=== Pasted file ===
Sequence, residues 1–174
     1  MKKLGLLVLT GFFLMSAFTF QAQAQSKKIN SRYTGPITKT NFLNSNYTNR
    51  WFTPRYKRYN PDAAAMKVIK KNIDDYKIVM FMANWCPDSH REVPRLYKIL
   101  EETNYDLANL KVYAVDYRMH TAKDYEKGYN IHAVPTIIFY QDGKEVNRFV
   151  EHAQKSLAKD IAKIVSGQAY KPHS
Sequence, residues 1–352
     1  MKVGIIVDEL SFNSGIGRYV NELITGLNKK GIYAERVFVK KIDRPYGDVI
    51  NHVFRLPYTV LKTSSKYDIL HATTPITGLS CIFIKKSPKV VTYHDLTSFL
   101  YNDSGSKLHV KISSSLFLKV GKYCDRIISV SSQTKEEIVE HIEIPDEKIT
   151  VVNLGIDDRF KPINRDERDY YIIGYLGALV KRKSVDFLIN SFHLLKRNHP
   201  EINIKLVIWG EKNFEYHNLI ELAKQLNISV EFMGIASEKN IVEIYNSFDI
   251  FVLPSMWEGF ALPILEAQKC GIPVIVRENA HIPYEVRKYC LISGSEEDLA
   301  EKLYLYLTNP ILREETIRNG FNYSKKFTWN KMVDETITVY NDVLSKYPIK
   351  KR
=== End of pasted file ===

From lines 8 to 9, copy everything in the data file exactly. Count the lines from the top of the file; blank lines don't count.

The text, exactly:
    51  NHVFRLPYTV LKTSSKYDIL HATTPITGLS CIFIKKSPKV VTYHDLTSFL
   101  YNDSGSKLHV KISSSLFLKV GKYCDRIISV SSQTKEEIVE HIEIPDEKIT